What is the treatment of Fibroids?
Uterine fibroids are common benign tumours that develop in the uterus (womb). Fibroids can be treated both with medications and surgery. Treatment for fibroids depends on various factors such as:
- Your age and general health.
- Severity of symptoms.
- Size and location of the fibroids.
- Whether you are pregnant.
- Your desire to have children in the future.
A woman with fibroids does not need treatment if she has no symptoms, has small tumours, or has gone through menopause. Your doctor may advise regular follow ups to monitor the size and growth of the fibroids and to ensure that there are no indicators of malignancy (cancerous changes).
Treatment for fibroids includes:
Medications: Medications used for the treatment of the symptoms of fibroids include non-steroidal anti-inflammatory drugs (NSAIDs), birth control pills (oral contraceptives) and intrauterine devices (IUDs) that release the hormone progestin and iron supplements to prevent or treat anaemia due to heavy periods.
- Non-steroidal anti-inflammatory drugs (NSAIDs): NSAIDs such as ibuprofen may be prescribed to relieve pelvic pain associated with fibroids.
- Oral contraceptive pills: These are commonly given to women with fibroids as they help control heavy periods and pain.
- Gonadotropin releasing hormone (GnRH) agonists: These medications reduce the oestrogen produced by the body by acting on the pituitary gland. Oestrogen stimulates the growth of fibroids. With this therapy, a decrease in oestrogen levels leads to decrease in the size of fibroids by 50% in three months. You may be prescribed this medication prior to surgery to shrink the fibroid. Decrease in the size of fibroids can control heavy periods (thereby improve preoperative blood count) and decrease the amount of blood loss during surgery. However, fibroids tend increase in size once treatment is stopped and long-term use of these medications is limited due to the side effects of low oestrogen such as decreased bone density, osteoporosis, hot flashes, and vaginal dryness.
- RU-486 (mifepristone): This is an anti-hormonal drug which can reduce the size of fibroids by about half. It can also improve other symptoms such as pelvic pain, bladder pressure, and lower back pain. It is given in low doses before surgery in order to reduce the size of fibroids. In some patients, it may also help to avoid surgery by shrinking the fibroids and the symptoms it is causing.
- Danazol: It is an androgenic (male) hormonal drug which reduces bleeding due to fibroids, as it causes menstruation to cease, but it does not decrease the size of fibroids. It can cause several serious side effects such as weight gain, muscle cramps, decreased breast size, acne, hirsutism (inappropriate hair growth), oily skin, mood changes, and depression.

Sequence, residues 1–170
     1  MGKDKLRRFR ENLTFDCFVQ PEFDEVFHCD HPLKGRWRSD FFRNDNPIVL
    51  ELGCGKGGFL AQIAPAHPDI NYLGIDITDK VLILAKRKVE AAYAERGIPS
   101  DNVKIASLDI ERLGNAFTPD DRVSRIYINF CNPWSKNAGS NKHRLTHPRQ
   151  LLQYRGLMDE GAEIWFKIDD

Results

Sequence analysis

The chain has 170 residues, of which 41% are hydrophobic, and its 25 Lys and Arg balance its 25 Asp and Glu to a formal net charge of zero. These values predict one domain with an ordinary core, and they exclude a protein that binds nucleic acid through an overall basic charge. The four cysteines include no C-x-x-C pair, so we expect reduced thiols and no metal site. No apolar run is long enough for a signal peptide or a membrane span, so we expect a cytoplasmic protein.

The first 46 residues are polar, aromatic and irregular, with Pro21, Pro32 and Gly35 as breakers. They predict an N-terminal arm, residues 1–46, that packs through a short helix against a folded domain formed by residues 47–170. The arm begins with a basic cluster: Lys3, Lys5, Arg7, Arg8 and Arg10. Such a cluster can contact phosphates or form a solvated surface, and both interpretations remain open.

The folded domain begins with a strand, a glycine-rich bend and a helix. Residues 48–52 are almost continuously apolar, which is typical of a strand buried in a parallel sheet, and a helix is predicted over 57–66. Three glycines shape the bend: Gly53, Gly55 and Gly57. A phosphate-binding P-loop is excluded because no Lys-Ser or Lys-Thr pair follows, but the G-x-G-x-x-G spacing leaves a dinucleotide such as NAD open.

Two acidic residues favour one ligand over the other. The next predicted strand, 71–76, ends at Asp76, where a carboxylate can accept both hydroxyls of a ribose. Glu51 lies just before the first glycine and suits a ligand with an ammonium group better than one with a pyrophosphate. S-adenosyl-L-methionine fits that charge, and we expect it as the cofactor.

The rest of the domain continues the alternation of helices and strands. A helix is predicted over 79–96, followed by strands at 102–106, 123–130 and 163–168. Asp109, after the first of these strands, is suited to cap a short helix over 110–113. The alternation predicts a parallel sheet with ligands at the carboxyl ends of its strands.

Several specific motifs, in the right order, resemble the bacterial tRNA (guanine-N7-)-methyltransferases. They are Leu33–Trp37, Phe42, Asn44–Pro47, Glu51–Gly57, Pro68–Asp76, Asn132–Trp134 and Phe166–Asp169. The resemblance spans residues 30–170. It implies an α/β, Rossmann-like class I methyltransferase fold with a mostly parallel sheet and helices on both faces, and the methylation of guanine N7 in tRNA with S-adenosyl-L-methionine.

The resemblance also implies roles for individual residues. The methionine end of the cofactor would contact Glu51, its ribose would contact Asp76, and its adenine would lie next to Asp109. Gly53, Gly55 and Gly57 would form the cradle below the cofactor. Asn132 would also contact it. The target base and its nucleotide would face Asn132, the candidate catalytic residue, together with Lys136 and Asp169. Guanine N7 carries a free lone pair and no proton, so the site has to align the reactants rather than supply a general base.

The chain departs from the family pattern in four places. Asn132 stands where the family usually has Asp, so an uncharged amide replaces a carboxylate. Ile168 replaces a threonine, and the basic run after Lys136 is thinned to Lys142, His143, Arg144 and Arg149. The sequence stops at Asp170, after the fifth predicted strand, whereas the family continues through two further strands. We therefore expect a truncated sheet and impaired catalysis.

Surgery: There are many surgical procedures used for the treatment of fibroids. Your doctor will discuss the risks and benefits of the various procedures and then recommend a surgery or procedure that is best for you. The surgery and procedures done for fibroids include:
- Hysteroscopic resection of fibroids: Women with fibroids inside the uterine cavity can be treated with hysteroscopic resection. It is usually done as an outpatient procedure. In this procedure, a special instrument with a small camera is inserted through the cervix into the uterus to remove the fibroid tumours.
- Uterine artery embolisation: This procedure involves blocking the artery that supplies blood to the fibroid. This causes it to shrink and die. If you desire to have children in the future discuss this procedure with your healthcare provider.
- Myomectomy: In this surgery only the fibroid is removed and the uterus is preserved. It is often done in women who want to have children, as it helps to preserve fertility. However, you can develop more fibroids after a myomectomy. This surgery can be done through hysteroscopy, laparoscopy, or, less frequently, an open procedure (an incision in the abdomen).
- Hysterectomy: In this procedure the uterus is removed (along with the fibroid). As it is an invasive surgery it is done in women who will not benefit from medications and other surgeries and procedures. However, you cannot conceive after this surgery. It is often done to treat fibroids and is considered as a cure.
Source: Expert Content Feb 18, 2012
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